Posted On November 29, 2011 By In News With 106 Views

Reggae Latino Fest 2011: Cultura Profetica

CULTURA PROFÉTICA has become a powerful musical independent phenomenon, led by four young and talented puertorricans. Crossing the frontiers of more than 15 countries, their artistic proposal attempts to erase ideological barriers, transcending generational values. Cultura’s music carries a positive message thru motivational and original songs. They have accomplished a unique style, rich in rhythms and sounds where a reggae roots base is seasoned with touches of jazz, salsa, hip-hop, ska, funk, “world music”, popular Brazilian music and all Afro Caribbean roots in general.

Cultura Profética began to make history by recording in Tuff Gong Studios in Kingston, Jamaica, a vow of confidence form Mr. Errol Brown, sound engineer for Bob Marley and his family. Some of his most distinguished work are the productions: Legend, Confrontation, Uprising and Survival, besides being responsible for the live sound of Bob Marley and The Wailers for 15 years. Since then, Mr. Brown, joined Cultura Profética as the sound engineer of all its discography.

Thousands of loyal fans from South America and Latin communities in the United States have joined Cultura Profética. Songs like Fruto de la tierra, Ideas nuevas, De antes and Ritmo que pesa continue to impact such markets as Europe and Australia, proving the power of music as the universal language.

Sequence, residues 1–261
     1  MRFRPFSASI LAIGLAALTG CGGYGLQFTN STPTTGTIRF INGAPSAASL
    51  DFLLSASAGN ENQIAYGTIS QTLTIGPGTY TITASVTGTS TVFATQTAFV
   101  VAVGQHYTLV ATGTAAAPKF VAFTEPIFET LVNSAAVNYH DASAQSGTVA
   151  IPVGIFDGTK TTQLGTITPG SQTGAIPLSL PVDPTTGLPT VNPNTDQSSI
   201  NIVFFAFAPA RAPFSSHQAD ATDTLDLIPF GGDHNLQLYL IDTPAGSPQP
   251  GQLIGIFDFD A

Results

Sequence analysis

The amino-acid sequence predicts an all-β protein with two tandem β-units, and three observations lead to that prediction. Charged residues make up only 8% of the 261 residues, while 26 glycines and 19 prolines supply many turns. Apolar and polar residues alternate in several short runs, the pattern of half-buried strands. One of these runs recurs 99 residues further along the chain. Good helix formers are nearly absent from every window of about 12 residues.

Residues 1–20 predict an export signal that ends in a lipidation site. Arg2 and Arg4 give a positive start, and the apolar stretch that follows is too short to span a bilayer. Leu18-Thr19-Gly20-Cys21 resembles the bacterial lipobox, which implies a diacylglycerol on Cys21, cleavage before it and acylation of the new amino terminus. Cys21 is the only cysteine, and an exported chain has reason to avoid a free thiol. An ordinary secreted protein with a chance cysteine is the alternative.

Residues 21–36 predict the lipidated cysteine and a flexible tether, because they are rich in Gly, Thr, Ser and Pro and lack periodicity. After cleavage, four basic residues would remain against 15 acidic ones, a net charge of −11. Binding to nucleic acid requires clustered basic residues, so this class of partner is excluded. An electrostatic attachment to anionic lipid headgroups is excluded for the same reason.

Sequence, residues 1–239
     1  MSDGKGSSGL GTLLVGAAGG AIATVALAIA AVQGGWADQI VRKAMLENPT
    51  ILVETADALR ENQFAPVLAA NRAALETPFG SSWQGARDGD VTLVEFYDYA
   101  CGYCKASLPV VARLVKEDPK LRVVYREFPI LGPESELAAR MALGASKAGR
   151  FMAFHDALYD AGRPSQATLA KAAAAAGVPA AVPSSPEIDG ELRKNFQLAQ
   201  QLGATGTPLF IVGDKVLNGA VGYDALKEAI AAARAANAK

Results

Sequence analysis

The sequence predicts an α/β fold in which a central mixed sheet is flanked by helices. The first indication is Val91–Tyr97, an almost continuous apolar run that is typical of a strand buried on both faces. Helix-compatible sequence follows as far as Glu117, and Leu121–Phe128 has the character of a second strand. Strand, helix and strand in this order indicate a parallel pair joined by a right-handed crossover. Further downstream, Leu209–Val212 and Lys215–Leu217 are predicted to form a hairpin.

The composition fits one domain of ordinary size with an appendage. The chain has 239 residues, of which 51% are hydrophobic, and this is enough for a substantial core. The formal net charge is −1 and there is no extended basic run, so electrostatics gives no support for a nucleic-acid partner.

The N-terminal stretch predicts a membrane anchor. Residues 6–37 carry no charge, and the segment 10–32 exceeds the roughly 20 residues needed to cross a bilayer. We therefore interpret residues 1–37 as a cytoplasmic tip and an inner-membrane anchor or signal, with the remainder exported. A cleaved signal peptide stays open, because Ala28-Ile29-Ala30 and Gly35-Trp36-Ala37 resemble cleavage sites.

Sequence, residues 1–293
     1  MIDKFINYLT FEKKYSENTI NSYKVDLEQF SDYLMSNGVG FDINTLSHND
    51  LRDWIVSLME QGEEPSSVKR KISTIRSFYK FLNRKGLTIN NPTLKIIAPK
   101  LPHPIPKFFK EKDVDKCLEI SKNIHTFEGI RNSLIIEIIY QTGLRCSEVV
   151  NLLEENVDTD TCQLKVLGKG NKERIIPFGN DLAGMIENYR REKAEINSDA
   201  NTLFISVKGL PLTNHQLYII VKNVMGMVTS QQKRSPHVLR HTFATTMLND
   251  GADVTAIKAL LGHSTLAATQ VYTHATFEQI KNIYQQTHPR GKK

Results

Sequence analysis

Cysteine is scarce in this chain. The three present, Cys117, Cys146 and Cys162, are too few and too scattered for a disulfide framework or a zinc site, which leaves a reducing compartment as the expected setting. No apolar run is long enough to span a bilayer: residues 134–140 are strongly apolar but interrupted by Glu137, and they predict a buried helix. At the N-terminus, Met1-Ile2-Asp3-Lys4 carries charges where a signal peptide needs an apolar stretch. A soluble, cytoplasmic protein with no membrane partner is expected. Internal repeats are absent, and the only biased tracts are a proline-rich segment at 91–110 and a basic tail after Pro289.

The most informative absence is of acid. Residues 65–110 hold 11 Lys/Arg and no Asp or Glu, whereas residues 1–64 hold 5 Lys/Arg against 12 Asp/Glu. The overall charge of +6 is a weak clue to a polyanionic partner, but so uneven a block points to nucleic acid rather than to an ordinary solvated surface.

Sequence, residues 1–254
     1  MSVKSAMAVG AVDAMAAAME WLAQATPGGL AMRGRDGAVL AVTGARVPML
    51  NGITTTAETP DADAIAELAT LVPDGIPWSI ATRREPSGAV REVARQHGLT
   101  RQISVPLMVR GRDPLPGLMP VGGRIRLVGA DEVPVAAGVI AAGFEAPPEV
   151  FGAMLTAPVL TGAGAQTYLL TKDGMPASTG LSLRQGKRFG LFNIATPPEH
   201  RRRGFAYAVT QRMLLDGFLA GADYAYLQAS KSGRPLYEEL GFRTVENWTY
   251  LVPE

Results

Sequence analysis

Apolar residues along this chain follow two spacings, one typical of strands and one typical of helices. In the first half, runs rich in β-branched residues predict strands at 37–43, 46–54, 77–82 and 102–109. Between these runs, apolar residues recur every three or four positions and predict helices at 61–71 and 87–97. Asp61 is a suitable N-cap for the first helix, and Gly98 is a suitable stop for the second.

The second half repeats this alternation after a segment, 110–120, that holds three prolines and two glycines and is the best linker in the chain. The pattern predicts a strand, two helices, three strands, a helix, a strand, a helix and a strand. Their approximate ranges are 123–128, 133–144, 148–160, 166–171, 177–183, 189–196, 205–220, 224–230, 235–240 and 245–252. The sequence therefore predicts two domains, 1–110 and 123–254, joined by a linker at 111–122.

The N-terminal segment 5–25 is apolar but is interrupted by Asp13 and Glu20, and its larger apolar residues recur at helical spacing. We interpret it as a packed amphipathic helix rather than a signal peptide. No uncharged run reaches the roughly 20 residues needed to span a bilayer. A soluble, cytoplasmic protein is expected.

GONDWANA – Gondwana – While reggae might be generally associated with Jamaica and then Africa, the influence of Bob Marley and roots reggae has traveled the world, even into South America where it inspired the formation of Gondwana, a Chilean band that has slowly made an impact around the globe. Formed in 1987, during the years of the Pinochet dictatorship in their native land, the band had to keep a relatively low profile until the political climate eased, as the government wasn’t too keen on a younger generation airing beliefs that didn’t mesh with their own, especially if they involved Rastafarianism, with its peaceful approach to life. In some ways, that slow development was good, because it gave them a chance to work out their own sound, which, according to singer Quique Niera, became “very rockish, but we also have the South American traditional rhythms, like the bolero.” That mix showed up to some extent on their debut Together in 1996, but really came to fruition four years later on their sophomore effort, Second Coming. In Chile the album was titled Alabanza, and proved to be a breakthrough, rocketing them to the top of the national charts. The extracted single “Antonia” also proved to be a chart-topper. The album didn’t shy away from political issues, with “Libertad” dealing frankly with the justice and peace that eluded Chileans during the dictatorship. In the wake of the album’s U.S. release on RAS, Gondwana undertook a world tour. ~ Chris Nickson, All Music

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